October 22 in history:
On October 22nd, 1962, President John F. Kennedy made a televised speech publicly revealing the existence of Soviet missiles in Cuba. In the speech, Kennedy announced a quarantine on ships that might be carrying offensive weapons to Cuba.
By coincidence, Kennedy’s address fell on the same night that JFK impersonator Vaughn Meader was recording a comedy album about the president, to be called “The First Family.” Meader later said that the actors knew about the speech before the recording session, but the studio audience did not. He thought the audience members would not have laughed as much, if they had been aware of the missile crisis.
Appearing on TV that October night in ’62, besides the president, was the game show “I’ve Got a Secret,” created by song-parody writer Allan Sherman, best known for “Hello Muddah, Hello Fadduh.” His record “My Son, the Folk Singer” lost the Grammy for album of the year in 1963 to “The First Family.”
Actor Bob Odenkirk has done parody sketches on “Mr. Show” and “The Ben Stiller Show.” October 22nd of 1962 is when Odenkirk was born. He may be best known for playing attorney Saul Goodman on “Breaking Bad,” and its spinoff series “Better Call Saul.”
October 12 in history:
There was no welcome mat waiting for him, but Christopher Columbus arrived in the New World on October 12th, 1492. After two months on the Atlantic, Columbus landed at an island north of Cuba, thinking he had reached Asia, and exchanged gifts with the natives.
Citizens of Munich were welcomed to the royal wedding of Bavarian Prince Louis on this date in 1810. Munich decided to repeat the celebration the following year and make it the annual event called Oktoberfest.
Soviet leader Nikita Khrushchev was not a happy guest at the United Nations on October 12th, 1960. He threw a fit when a representative of the Philippines criticized the Russians for taking over Eastern Europe. Many people say they saw Khrushchev pound the table with his shoe, but apparently there are no still pictures or videos of the incident that prove he really did it.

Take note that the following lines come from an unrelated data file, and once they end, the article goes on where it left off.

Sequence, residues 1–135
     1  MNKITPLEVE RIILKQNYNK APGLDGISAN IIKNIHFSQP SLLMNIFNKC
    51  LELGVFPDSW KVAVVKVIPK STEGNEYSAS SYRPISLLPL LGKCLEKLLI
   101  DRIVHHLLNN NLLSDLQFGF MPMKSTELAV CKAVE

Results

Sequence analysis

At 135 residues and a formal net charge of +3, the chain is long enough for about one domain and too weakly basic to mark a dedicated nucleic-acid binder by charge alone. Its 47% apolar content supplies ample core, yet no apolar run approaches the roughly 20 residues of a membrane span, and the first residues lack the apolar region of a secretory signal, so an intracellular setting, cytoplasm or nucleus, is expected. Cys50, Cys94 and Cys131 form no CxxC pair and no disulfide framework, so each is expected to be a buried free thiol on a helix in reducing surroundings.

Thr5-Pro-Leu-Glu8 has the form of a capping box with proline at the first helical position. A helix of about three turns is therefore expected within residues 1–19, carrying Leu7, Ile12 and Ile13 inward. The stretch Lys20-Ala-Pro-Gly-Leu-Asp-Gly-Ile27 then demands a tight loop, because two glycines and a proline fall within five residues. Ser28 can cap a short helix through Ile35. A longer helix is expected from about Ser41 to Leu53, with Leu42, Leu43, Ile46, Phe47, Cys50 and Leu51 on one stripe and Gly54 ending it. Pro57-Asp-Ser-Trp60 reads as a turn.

“Be Our Guest” is a popular song from the Disney movie and stage musical “Beauty and the Beast.” The first Australian production of the show provided a big break for actor Hugh Jackman, who played Gaston. Jackman was born on this date in 1968.
February 16th in history:
On February 16th, 1959, Fidel Castro officially became the premier of Cuba. Many people mark January 1st of 1959 instead as the date Castro took power, because that was the day former dictator Fulgencia Batista was forced out of office.
A long-ago king made news on February 16th, 1923. That’s when archaeologist Howard Carter unsealed the burial chamber of Egypt’s King Tut.
And the Kings had to stop playing on this date in 2005. So did the Devils, Bruins and Canadiens, and all of the other teams in the National Hockey League. The NHL cancelled the rest of the 2004-’05 season because of a labor dispute.
February 7th in history:
On February 7th, 1962, the U.S. began an economic embargo on Cuba. The embargo came in response to Cuba’s allegiance with the Soviet Union in the Cold War.
The Soviet government made a major policy change on February 7th, 1990, when the Communist party gave up its monopoly on power in the nation. Less than two years later, the Soviet Union would be disbanded.
And the band which eventually recorded “Back in the USSR” made its first official visit to the USA in 1964. The Beatles arrived at JFK Airport in New York on February 7th for their first American tour, including appearances three weeks in a row on “The Ed Sullivan Show.”
The Recording Industry Association of America says the Beatles have sold more albums in the U.S. than any other recording artist. As of early 2015, number two on the album sale list is country singer Garth Brooks, born on this day in 1962.
January 1st in history:
On New Year’s Day of 1863, President Abraham Lincoln signed the Emancipation Proclamation, freeing all slaves that were living in Confederate states.
The people of Cuba were free from the rule of dictator Fulgencio Batista on January 1st, 1959 — only to see rebel leader Fidel Castro take over and rule for nearly 50 years. Batista fled to the Dominican Republic, taking millions of dollars with him.
Two colonists associated with the birth of the United States were born on January 1st: Silversmith Paul Revere (1735) was 40 years old when he and others rode to warn people in the Boston area that British forces were coming; and seamstress Betsy Ross (1752) was in her twenties when she proposed a design for the country’s first thirteen-star flag.